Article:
as by dominant ideologies (neo-liberal, welfare capitalist, socialist, 

Secondly, on a meso- and micro-political level_ of analysing the power 
and politics of the MNC_, we are interested in understanding the power 
relations and political strategies of powerful key players (both 
management, employees and their organisations) within the MNC. 
Accordingly, we welcome studies of the MNC as a 'contested terrain' 
(Edwards and Belanger, 2009), comprising actors and groups of actors 
with different interests who draw on different resources within the MNC 
itself, within the local and national contexts in which the MNC operates 
and within the transnational context in order to engage in 
macro-political, meso-political and micro-political games to gain and 
maintain their power within the MNC.

At the 4^th LAEMOS Colloquium we therefore wish to explore the role of 
key actors (players), conflicting perceptions and sensemaking, powerful 
boundaries, resistance to change, the power of knowledge flows and 
knowledge creation in innovative work, the influence of dominant 
ideologies as well as of national and transnational institutions which 
operate to constitute the power relations and political behaviour in 
internationally operating firms. We are interested in original ideas and 
approaches generated in both Latin America and Europe, Accordingly, we 
invite contributions in different languages (English, Spanish and 
Portuguese) to create a critical dialogue bridging the different 
experiences and knowledge of scholars from Latin America, Europe and 
other parts of the globe about the politicised MNC and the political 
role of MNCs in different local contexts. Topics of interest, but not 
limited to these, are:

    * What is the meaning of power and politics within the context of
      internationalisation and the MNC?
    * What are the rationales and ideologies of powerful key actors who
      influence the power of and in MNCs?
    * Are there differences in the ways in which the power games of and
      within MNCs are played, related to different home country and
      industry backgrounds?
    * What is the nature of headquarters-subsidiary power relations?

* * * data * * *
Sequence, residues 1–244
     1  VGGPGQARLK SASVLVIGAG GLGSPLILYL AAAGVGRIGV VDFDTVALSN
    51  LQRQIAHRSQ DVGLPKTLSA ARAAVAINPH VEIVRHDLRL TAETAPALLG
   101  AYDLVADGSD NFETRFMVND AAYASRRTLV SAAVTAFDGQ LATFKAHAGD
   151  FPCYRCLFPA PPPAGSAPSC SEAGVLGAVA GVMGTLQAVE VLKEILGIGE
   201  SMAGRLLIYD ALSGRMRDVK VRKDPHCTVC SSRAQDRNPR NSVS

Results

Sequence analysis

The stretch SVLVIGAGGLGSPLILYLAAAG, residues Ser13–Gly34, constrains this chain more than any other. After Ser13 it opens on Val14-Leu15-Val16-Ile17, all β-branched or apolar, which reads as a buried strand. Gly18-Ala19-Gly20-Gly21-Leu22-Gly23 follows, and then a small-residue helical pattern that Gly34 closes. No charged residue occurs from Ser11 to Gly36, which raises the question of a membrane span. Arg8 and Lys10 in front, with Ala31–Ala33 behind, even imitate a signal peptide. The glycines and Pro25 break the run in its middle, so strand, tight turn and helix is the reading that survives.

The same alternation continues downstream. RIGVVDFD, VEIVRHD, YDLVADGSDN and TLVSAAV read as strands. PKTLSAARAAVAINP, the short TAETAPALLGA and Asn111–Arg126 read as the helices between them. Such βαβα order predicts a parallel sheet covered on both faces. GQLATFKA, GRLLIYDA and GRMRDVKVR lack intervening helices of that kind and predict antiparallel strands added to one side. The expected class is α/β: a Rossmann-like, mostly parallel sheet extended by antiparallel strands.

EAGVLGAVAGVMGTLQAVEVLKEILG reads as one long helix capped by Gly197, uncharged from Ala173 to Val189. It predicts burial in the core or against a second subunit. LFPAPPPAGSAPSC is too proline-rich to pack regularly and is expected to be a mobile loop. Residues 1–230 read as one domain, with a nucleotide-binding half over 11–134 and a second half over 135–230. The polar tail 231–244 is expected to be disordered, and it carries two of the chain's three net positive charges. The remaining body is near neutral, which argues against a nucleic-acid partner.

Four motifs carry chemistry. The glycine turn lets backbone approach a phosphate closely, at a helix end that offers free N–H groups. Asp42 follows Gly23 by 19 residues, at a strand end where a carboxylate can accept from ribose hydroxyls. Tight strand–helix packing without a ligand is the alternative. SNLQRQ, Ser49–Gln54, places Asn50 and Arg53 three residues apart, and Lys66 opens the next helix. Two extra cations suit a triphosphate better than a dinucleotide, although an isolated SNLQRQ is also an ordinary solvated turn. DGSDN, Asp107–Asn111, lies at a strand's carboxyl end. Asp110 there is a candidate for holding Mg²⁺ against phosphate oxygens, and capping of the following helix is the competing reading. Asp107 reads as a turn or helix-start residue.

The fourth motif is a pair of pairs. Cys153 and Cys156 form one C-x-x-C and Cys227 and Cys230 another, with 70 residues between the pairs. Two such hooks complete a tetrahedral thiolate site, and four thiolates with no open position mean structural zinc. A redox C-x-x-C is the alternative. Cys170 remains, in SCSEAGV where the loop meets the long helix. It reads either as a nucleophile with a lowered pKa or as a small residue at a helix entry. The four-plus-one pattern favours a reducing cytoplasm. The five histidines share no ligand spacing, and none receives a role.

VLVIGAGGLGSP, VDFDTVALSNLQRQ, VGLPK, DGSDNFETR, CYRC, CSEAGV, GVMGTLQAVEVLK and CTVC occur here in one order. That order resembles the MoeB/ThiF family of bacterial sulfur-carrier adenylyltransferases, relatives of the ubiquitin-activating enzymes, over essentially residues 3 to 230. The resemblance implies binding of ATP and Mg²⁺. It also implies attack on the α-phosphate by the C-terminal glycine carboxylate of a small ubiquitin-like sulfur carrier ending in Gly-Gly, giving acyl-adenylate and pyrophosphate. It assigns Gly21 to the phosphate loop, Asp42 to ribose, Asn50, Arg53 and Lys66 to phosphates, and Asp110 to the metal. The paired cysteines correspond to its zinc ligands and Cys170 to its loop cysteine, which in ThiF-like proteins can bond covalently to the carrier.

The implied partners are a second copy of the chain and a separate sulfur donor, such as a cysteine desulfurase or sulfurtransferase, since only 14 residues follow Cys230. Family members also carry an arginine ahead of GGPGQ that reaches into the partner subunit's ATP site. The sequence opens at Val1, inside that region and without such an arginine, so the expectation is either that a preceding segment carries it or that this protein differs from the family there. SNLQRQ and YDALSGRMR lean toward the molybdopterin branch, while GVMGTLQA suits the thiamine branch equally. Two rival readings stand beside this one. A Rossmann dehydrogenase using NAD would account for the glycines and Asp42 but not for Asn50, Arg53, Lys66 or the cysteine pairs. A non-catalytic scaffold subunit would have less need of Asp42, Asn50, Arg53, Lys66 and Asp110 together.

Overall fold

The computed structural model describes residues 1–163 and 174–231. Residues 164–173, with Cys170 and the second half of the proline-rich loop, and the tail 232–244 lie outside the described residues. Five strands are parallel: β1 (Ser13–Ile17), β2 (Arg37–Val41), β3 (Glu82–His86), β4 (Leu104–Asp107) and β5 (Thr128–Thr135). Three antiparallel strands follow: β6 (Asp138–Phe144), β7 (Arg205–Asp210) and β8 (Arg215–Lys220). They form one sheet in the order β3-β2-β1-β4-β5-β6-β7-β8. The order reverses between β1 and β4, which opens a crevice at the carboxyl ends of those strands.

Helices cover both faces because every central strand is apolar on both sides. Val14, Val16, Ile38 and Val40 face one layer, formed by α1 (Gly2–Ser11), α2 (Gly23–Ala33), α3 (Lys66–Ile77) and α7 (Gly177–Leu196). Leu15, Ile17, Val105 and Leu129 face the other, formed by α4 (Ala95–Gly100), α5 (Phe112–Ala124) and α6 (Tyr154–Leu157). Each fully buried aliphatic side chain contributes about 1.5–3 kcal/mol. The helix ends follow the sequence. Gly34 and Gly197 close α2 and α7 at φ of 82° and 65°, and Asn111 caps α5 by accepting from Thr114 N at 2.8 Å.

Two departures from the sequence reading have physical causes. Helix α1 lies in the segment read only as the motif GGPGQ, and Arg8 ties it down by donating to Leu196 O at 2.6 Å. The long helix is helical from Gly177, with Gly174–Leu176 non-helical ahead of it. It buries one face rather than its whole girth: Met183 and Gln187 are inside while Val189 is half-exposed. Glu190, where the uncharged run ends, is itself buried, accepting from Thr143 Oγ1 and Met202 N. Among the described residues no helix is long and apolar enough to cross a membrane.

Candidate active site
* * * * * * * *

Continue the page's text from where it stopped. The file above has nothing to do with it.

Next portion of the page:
* Are cross-border transfers of knowledge imposed or negotiated
    * Who are the winners and losers in MNC mergers and acquisitions and
      with what consequences for process and outcome of organisational
    * Who are the key actors who shape organisational power relations
      and how can this be studied as political sensemaking process?
    * What are the interests and resources key actors within the MNC
      (e.g. managers and employees) can draw on when engaging in
      intra-organisational and cross-border micro-political activity?
    * What are the micro-political consequences of certain global
      management approaches, such as benchmarking and coercive
      comparisons, on employment and industrial relations in local plants?
    * What are the merits and limits of conceptual ideas about power and
      politics in the context of multinationals, such as economic,
      evolutionary, culturalist, institutionalist, structuration and
      critical management theories?
    * Do current literature and theoretical constructs and research
      methods within international business, business administration,
      organizational learning, sensemaking, knowledge management, change
      and innovation, predominantly developed in Western societies,
      suffice to study how power and politics are invested in
      organizational life at all levels, including the politicised MNC?
    * Are above listed Western conceptual constructs generalisable
      across non-western societies such as Latin American countries? If
      not, what changes are needed?

We are in contact with /Critical Perspectives on International Business/ 
which would be interested in the publication of high quality papers of 
our sub-theme.


Abstracts should be about 1000 words in length (including references), 
set in A4 page layout, single spaced and in 12 point font. They should 
be uploaded and registered at the conference site 
<> by 31October 2011. Full papers (max 6000 
words) for inclusion in the Conference Proceedings are due by 28 
February 2012.